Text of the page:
Improved neurocognitive test performance in both arms of the SMART study: Impact of practice effect

Birgit Grund, Edwina J. Wright, Bruce J. Brew, Richard W. Price, Mollie P. Roediger, Margaret P. Bain, Jennifer F. Hoy, Judith C. Shlay, Michael J. Vjecha, Kevin R. Robertson

Research output: Contribution to journalArticlepeer-review

11 Scopus citations


We evaluated factors associated with improvement in neurocognitive performance in 258 HIV-infected adults with baseline CD4 lymphocyte counts above 350 cells/mm3 randomized to intermittent, CD4-guided antiretroviral therapy (ART) (128 participants) versus continuous therapy (130) in the Neurology substudy of the Strategies for Management of Antiretroviral Therapy trial. Participants were enrolled in Australia, North America, Brazil, and Thailand, and neurocognitive performance was assessed by a five-test battery at baseline and month 6. The primary outcome was change in the quantitative neurocognitive performance z score (QNPZ-5), the average of the z scores of the five tests. Associations of the 6-month change in test scores with ART use, CD4 cell counts, HIV RNA levels, and other factors were determined using multiple regression models. At baseline, median age was 40 years, median CD4 cell count was 513 cells/mm3, 88 % had plasma HIV RNA ≤400 copies/mL, and mean QNPZ-5 was -0.68. Neurocognitive performance improved in both treatment groups by 6 months; QNPZ-5 scores increased by 0.20 and 0.13 in the intermittent and continuous ART groups, respectively (both P < 0.001 for increase and P = 0.26 for difference). ART was used on average for 3.6 and 5.9 out of the 6 months in the intermittent and continuous ART groups, respectively, but the increase in neurocognitive test scores could not be explained by ART use, changes in CD4, or plasma HIV RNA, which suggests a practice effect. The impact of a practice effect after 6 months emphasizes the need for a control group in HIV studies that measure intervention effects using neurocognitive tests similar to ours.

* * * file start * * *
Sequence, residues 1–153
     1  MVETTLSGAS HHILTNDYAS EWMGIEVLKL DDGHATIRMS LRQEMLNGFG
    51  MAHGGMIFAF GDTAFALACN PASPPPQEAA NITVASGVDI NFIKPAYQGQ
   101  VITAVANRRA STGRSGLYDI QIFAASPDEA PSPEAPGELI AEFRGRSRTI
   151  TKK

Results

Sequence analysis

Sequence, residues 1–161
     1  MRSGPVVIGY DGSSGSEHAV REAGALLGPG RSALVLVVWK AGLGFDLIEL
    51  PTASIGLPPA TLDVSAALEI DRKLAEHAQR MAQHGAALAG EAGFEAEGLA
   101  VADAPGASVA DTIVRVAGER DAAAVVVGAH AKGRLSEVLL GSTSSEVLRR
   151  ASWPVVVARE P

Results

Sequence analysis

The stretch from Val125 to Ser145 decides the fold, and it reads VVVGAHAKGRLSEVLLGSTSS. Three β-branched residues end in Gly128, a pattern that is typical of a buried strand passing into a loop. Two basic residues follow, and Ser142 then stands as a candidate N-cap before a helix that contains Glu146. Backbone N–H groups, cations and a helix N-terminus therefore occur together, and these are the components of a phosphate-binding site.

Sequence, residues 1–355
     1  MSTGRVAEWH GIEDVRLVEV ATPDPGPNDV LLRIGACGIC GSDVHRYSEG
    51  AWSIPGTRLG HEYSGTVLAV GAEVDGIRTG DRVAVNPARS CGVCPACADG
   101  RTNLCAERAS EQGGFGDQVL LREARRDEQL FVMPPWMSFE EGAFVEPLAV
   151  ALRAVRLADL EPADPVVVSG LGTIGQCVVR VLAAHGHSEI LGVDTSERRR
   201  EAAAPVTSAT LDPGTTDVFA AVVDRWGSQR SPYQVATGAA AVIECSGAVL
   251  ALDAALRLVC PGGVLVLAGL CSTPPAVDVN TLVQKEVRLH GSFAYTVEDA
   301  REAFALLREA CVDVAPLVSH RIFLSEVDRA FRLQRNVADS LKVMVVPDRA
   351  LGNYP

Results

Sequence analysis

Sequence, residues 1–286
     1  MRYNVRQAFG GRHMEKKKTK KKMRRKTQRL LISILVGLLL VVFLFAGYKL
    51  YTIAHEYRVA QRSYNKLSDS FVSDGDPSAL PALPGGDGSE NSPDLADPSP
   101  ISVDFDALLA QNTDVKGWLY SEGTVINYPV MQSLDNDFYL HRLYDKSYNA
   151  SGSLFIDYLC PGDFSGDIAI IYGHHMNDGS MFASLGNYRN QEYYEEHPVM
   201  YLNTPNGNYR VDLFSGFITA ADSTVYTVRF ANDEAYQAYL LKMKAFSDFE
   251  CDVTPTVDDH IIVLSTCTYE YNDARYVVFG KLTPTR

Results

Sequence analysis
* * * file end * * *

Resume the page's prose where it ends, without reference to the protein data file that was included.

Original languageEnglish (US)
Pages (from-to)383-392
Number of pages10
JournalJournal of neurovirology
Issue number4
StatePublished - Aug 2013

Bibliographical note

Funding Information:
The study was funded by NIH grants U01-AI4636 (National Institute of Mental Health [NIMH] and the National Institute of Neurological Disorders and Stroke [NINDS]), U01AI042170, and U01AI46362 (National Institute of Allergy and Infectious Diseases [NIAID]). We gratefully acknowledge the contributions of participants, investigators, and staff who were crucial to the success of the study. Clinical sites and investigators participating in the SMART Neurology substudy were published (Wright et al. ).

Funding Information:
The following authors received research support from the NIH: BG and MPR from NIH/NIAID (U01-AI068641, U01-AI042170, and U01-AI46362); EJW (NIMH/NINDS 1U01-AI068641); BJB (R01 NS43103); RWP (NIDA P01DA026134, NIMH R01-MH62701, NIMH R21-MH083520, NIMH U01-MH083545, NIMH R01MH081772, NIMH/NIAIDU01-AI068641, and NIMH/NIAID U01-AI38858); and KRR (NIAID, supplement to 1U01AI068636-01, NIMH MH067751, NIAID U01-AI068641, and NINDS R21NS0692). MPB, JH, JCS, and MJV declare that they have no conflicts of interest.


  • HIV
  • Learning effect
  • Neurocognitive performance
  • Neuropsychological tests
  • Practice effect
  • Test-retest


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